Does increasing muscle mass consequently increase your metabolism? The short answer is YES. The long answer requires a bit more science.
Much like modern-day technology, our bodies require a source of power to function daily. The majority of this power comes from the foods we consume that are broken down and used as a major source of energy. The combination of all these internal and ongoing processes in the body is what creates our metabolism. The greater the metabolism, the more energy (calories) your body is burning. Each individual has a unique metabolism that is continuously modified by variable factors. Some of these factors include age, hormone levels, exercise habits, and body composition. Now, let’s elaborate on the relationship between body composition and metabolism.
At rest, the differences in calories burned by fat and muscle tissue are not significant enough to have any major effects on your metabolism. However, during recovery from exercise, the difference is enough to have temporary, yet significant effects on your metabolic rate. The discrepancy in tissues post-exercise is that muscle requires recovery after a workout, whereas adipose, or fat tissue, does not. During the recovery stage, muscle fibers demand energy to repair their cells and replenish their energy storages that were utilized to perform the workout. Therefore, a greater percentage of lean muscle tissue results in a greater need for energy during recovery. In simpler terms, your muscle tissue continues burning a surplus of calories, even after your workout has ended.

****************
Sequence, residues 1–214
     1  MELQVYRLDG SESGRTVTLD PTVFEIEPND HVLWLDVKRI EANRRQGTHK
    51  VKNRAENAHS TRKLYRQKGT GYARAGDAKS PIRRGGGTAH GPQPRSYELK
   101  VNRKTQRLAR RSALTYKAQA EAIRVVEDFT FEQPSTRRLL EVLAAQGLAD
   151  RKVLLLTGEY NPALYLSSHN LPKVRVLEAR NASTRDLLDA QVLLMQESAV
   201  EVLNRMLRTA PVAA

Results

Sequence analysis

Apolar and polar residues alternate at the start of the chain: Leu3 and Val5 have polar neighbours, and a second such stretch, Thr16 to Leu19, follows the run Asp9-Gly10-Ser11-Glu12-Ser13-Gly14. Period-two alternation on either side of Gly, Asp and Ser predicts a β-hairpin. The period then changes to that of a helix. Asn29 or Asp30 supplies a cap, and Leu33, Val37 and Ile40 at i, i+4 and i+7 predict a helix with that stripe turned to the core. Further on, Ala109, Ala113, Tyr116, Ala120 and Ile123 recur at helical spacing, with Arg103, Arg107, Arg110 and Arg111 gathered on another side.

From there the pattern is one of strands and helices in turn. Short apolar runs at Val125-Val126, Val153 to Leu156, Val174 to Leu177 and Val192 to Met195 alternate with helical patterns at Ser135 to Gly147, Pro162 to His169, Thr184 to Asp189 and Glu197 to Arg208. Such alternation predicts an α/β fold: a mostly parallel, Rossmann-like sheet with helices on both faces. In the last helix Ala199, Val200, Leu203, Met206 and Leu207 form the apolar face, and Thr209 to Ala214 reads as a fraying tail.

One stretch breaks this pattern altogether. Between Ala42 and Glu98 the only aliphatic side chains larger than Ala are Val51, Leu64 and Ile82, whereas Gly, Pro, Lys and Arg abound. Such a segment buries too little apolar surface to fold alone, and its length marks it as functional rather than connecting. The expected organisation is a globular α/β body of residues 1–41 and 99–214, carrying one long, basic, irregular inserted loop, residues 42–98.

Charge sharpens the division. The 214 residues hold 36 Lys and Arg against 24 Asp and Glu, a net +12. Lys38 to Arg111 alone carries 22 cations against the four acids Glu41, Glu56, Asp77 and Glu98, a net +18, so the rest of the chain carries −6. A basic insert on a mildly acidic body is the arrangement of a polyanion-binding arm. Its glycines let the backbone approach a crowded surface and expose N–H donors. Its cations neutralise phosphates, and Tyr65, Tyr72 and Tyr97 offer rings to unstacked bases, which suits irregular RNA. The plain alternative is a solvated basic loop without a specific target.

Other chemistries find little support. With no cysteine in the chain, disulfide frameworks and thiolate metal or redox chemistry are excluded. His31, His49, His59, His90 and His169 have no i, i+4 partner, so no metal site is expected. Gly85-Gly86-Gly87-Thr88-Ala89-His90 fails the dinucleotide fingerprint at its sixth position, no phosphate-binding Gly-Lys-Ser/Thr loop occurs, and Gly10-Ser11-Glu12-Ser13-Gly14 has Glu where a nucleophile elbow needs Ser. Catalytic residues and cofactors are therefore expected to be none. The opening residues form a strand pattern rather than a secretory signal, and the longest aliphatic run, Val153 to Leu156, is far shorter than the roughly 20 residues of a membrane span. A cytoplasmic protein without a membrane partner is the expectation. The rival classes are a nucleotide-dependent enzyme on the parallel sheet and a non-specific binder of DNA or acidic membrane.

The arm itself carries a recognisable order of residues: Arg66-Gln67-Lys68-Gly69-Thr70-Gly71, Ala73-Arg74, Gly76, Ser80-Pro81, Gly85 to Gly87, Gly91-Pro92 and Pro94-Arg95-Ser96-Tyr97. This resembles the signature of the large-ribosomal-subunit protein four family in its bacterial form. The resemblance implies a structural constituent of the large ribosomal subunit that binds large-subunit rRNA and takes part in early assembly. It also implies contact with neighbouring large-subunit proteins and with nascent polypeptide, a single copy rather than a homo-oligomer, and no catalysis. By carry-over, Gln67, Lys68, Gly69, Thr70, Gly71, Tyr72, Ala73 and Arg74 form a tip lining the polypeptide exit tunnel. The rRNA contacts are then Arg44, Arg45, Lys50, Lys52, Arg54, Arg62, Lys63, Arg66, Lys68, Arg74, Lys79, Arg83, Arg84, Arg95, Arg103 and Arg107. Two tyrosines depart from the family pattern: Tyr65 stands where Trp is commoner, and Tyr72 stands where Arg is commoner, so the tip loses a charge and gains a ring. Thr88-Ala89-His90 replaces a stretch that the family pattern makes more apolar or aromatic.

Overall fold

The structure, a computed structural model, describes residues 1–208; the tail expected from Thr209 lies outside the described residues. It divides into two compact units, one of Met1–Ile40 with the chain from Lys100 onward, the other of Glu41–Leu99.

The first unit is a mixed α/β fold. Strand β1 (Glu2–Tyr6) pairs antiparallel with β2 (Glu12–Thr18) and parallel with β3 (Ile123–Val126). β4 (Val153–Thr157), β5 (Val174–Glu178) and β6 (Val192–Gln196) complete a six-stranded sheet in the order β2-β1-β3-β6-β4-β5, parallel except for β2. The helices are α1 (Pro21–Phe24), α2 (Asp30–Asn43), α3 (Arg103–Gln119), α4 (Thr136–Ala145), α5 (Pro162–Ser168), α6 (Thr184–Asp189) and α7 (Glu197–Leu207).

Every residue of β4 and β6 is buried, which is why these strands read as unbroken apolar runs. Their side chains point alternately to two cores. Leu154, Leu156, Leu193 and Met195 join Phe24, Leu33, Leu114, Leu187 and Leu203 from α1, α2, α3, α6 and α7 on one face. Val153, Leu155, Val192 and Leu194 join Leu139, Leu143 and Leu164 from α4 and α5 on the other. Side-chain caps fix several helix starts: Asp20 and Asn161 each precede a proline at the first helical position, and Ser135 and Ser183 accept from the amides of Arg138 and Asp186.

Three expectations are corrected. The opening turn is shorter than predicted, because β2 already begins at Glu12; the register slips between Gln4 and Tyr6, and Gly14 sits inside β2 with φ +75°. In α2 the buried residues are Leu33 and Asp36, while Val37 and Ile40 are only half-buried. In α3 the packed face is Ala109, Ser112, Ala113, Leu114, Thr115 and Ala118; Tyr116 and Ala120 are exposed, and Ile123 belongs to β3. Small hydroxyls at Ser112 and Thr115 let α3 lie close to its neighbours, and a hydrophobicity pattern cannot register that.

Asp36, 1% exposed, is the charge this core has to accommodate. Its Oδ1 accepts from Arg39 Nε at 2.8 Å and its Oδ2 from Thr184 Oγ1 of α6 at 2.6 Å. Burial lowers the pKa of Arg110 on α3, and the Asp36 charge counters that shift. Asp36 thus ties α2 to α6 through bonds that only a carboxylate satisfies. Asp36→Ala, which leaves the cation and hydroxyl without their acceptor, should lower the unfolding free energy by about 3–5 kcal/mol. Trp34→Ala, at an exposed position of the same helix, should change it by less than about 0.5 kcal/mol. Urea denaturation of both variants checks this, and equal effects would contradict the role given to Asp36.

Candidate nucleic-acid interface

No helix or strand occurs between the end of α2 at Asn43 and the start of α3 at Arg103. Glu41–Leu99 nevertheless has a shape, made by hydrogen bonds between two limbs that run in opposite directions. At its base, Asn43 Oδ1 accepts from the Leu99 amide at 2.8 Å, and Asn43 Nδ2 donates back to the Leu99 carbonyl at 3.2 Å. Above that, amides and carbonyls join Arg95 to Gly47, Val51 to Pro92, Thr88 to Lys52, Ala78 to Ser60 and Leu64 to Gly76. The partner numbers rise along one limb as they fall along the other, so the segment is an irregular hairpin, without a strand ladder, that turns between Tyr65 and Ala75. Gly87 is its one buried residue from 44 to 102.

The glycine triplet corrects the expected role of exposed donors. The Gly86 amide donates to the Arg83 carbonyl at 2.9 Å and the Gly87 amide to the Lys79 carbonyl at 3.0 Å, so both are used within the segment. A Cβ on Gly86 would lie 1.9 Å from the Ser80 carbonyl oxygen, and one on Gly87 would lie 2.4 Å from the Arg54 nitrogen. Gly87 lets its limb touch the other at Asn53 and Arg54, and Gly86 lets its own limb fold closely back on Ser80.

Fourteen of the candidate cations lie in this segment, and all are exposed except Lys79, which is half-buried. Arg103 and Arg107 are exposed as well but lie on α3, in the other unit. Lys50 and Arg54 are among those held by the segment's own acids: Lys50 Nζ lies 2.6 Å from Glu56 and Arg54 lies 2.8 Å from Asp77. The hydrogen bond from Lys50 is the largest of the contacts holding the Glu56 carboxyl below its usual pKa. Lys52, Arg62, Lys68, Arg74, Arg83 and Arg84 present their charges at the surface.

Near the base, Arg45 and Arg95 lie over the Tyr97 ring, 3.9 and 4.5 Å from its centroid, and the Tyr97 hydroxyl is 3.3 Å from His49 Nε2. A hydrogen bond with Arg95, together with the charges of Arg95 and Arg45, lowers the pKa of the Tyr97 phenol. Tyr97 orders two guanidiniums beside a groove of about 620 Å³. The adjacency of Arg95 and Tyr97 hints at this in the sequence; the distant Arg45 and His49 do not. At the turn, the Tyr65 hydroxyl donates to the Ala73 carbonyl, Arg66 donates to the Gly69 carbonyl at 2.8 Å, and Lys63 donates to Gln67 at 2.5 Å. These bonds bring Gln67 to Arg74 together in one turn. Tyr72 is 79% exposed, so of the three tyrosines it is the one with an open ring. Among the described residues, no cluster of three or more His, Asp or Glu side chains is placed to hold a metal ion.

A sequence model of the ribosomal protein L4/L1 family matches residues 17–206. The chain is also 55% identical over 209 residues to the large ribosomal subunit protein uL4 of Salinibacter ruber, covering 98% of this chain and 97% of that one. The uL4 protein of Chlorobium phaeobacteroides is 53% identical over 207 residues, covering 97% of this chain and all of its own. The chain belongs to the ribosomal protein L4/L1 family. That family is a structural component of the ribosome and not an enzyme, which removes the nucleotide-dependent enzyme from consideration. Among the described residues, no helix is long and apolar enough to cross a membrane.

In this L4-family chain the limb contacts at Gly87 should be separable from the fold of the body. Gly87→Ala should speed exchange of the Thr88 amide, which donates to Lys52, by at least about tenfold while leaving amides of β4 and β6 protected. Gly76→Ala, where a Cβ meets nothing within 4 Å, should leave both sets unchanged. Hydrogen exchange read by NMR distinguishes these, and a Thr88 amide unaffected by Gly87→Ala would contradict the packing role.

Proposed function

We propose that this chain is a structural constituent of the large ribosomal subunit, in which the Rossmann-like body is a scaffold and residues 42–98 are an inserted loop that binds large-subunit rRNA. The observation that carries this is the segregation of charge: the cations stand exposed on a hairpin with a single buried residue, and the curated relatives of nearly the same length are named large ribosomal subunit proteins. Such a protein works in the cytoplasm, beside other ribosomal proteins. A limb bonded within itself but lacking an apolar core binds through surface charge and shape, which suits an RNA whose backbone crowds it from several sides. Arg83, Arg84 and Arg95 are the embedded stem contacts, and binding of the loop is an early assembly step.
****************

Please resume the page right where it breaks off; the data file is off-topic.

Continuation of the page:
If you’ve managed to stick around for the long answer, congrats! You now have a science approved explanation for why maintaining muscle tissue can have beneficial effects on your metabolism. Don’t forget that gaining muscle tissue requires a clean diet of protein together with progressive muscle overload at the gym. Happy lifting!